Summary of the R2C National Consortium Second Annual Meeting

On October 25th, The Right to Counsel National Consortium, which is coordinated by the Justice Programs Office, a center at American University, held its second annual meeting in the Great Hall of the U.S. Department of Justice. The meeting brought together a group of criminal justice stakeholders, policymakers and advocates to show their continued commitment to protecting citizens' Sixth Amendment right to effective counsel. The day began with an invigorating speech by U.S. Deputy Attorney General Sally Q. Yates in which she stated, "I've talked with correctional officers, inmates, law enforcement officers, public defense advocates, elected officials and community leaders, and despite their differing roles, the common message is clear: the status quo needs to change." The message of collaboration and cross-discipline coordination rang loud throughout the day as a requisite means for reforming public defense systems and safeguarding the constitutional right to counsel.

Following the Honorable Sally Q. Yates, attendees listened to presentations on the past year of the consortium's activities, current state and local public defense delivery system reform efforts, and future outlooks for instilling change. Individuals had the opportunity to engage with panelists and other attendees to discuss the issues they see in current public defender systems at the ground level, how to inform policy for effective change, and take personal commitments to continue working toward a common goal: ensuring that the Sixth Amendment right to effective counsel as meaningfully carried out.

Topics included in-depth discussions of state-specific reform efforts in places such as Missouri - 49th in the country for public defense funding - where the Director of the Missouri State Public Defender Office sparked a media awareness campaign that brought national attention to the crisis of public defense. New York officials presented on the filing of a class action lawsuit that precipitated reforming the state's public defense delivery system. By hearing from individuals working at the ground level, attendees were able to learn new ways state and local level stakeholders are thinking outside the box to contribute to the national conversation about the right to counsel and how they too can use various approaches to achieve system change.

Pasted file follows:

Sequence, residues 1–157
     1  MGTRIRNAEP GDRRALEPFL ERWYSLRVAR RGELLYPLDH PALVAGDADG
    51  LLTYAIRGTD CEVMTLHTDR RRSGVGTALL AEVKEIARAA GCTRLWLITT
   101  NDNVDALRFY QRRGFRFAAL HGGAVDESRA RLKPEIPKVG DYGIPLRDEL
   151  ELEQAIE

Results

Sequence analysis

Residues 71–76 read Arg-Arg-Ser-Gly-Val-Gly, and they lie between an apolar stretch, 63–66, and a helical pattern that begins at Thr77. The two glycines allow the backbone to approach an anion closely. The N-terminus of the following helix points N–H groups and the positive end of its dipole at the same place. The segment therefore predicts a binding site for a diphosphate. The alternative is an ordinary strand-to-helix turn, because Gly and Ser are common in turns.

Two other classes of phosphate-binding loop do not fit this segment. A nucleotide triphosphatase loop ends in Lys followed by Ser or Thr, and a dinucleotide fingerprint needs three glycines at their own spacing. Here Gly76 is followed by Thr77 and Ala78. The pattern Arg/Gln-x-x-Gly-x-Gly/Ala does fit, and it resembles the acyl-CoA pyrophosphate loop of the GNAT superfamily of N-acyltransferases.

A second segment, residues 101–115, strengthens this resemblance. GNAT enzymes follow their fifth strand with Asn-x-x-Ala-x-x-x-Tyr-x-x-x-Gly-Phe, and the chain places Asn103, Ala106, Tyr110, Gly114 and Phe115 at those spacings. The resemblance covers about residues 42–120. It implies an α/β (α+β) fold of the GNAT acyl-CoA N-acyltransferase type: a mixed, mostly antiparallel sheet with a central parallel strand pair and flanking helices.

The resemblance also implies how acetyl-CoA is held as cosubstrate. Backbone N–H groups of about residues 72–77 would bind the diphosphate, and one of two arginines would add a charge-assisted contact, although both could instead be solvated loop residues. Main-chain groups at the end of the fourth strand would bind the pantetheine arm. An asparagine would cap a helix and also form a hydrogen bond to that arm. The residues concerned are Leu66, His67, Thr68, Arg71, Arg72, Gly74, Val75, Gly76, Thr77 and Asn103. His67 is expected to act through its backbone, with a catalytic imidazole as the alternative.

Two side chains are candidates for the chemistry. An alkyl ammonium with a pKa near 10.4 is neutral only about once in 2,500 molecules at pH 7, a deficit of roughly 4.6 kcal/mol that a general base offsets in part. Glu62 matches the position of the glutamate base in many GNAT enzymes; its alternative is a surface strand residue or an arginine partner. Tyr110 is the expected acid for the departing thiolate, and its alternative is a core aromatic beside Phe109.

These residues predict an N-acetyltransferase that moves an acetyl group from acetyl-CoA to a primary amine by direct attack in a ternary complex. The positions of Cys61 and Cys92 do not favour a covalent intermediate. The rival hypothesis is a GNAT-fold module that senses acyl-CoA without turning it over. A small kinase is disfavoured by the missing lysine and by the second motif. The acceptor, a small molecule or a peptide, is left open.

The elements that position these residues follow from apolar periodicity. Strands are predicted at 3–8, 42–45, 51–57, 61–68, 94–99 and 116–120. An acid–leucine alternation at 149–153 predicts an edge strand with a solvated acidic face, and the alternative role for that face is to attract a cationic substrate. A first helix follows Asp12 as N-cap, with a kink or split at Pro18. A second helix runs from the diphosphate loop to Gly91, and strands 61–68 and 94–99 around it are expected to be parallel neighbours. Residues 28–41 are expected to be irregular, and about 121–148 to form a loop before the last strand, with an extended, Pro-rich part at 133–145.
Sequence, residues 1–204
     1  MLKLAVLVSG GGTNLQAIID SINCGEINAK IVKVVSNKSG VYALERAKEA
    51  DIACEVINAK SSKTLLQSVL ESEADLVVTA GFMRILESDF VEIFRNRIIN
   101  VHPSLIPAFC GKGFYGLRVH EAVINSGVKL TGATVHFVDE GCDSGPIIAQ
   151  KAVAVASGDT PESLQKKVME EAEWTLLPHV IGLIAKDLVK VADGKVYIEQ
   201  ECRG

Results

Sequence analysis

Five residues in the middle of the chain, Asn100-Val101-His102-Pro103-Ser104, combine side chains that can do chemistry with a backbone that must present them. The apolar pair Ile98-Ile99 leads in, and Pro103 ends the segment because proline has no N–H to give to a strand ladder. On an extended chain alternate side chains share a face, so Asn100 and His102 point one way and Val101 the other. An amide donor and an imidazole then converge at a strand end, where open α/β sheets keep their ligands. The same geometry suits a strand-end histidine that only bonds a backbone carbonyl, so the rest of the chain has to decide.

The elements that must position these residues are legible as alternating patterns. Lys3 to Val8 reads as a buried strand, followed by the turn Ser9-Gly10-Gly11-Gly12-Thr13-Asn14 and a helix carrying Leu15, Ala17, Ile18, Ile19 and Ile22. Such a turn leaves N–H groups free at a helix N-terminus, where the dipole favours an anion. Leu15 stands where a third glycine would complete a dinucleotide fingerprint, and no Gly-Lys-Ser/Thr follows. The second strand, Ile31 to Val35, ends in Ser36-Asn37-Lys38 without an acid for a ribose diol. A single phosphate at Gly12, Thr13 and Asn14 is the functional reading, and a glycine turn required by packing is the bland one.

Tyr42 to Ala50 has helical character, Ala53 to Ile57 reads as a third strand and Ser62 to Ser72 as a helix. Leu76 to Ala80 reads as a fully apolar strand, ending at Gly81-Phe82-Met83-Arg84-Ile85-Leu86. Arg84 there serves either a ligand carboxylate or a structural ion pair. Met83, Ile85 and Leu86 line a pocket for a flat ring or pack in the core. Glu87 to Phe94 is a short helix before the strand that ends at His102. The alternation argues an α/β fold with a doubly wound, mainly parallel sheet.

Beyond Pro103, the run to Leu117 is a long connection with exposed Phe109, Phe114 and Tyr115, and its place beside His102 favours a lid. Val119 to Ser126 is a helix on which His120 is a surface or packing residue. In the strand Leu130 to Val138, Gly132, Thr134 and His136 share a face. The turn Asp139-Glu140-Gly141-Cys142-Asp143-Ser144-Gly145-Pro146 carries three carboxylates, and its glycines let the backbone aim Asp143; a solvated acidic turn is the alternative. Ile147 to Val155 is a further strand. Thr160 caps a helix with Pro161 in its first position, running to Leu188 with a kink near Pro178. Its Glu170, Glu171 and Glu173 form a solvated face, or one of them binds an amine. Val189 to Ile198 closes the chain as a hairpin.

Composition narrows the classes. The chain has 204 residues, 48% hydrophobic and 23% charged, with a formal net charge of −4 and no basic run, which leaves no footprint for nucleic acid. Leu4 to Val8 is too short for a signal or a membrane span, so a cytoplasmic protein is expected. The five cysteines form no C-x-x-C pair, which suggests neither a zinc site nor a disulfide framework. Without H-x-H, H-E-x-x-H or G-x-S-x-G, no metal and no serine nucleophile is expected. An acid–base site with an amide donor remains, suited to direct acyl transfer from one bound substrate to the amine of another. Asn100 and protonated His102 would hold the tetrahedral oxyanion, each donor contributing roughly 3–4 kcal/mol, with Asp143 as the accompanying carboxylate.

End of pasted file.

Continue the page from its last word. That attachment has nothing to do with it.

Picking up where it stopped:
A portion of the day was dedicated to gaining perspective on where the reform is headed. The conversation focused on the need for a combination of effective leadership at the national level and collective action at the state and local level. Attendees heard from defense leaders, conservative policymakers, U.S. Department of Justice leadership, judges, and a corrections secretary, all of whom expressed the value of strong public defense systems, the impact these systems have on their day to day work, and the need for all actors in the criminal justice system to take a stand and commit to safeguarding the sixth amendment right to counsel.

The day concluded with impassioned conversations about federal, state, and local policy recommendations. Consortium members had an opportunity to contribute their unique perspectives in smaller discussion groups as they brainstormed policies to address the crisis in public defense delivery systems and ways they each can contribute to this reform. Some discussions highlighted that professionals working in the system must focus on ensuring defendants have appointed counsel at all stages of the process, including initial appearances and bail hearings, and some emphasized that perhaps the biggest way to implement change was to focus on data collection and using data to inform policy and to educate the public on the Sixth Amendment right to counsel.

When the meeting adjourned, the consensus was clear – there is a national commitment to safeguard the constitutional right to counsel and we each have a role to play in achieving the change the system needs.